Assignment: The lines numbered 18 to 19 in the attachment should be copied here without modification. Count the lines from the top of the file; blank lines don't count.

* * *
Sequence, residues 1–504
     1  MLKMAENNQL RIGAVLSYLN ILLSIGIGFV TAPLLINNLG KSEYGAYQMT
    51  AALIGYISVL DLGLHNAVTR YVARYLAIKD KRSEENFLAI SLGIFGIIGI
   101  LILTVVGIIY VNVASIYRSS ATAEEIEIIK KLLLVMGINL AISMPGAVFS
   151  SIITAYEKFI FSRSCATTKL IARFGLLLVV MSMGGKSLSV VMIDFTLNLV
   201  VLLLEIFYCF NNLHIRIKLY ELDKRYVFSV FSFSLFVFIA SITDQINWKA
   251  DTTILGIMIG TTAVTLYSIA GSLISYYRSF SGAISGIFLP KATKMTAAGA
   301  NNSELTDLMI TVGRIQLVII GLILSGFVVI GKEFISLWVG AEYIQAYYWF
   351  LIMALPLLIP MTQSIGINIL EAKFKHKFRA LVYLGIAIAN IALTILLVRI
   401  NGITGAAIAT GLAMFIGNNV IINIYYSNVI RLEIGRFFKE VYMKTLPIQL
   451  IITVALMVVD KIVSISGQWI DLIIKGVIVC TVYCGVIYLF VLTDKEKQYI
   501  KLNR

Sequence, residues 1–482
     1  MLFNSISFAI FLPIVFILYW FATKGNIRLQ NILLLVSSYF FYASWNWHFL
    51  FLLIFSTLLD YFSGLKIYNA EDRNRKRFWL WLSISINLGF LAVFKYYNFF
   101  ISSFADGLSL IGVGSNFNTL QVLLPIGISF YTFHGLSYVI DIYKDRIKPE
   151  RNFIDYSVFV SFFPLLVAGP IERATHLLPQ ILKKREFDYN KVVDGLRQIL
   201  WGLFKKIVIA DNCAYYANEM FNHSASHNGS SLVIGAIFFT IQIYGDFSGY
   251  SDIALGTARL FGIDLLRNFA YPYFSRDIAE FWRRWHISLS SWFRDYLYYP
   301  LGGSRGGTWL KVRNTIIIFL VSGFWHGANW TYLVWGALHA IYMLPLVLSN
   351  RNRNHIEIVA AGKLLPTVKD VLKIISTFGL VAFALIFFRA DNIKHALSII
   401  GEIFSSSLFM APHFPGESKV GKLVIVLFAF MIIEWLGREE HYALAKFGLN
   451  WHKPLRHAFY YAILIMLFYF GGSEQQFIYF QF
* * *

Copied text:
   201  WGLFKKIVIA DNCAYYANEM FNHSASHNGS SLVIGAIFFT IQIYGDFSGY
   251  SDIALGTARL FGIDLLRNFA YPYFSRDIAE FWRRWHISLS SWFRDYLYYP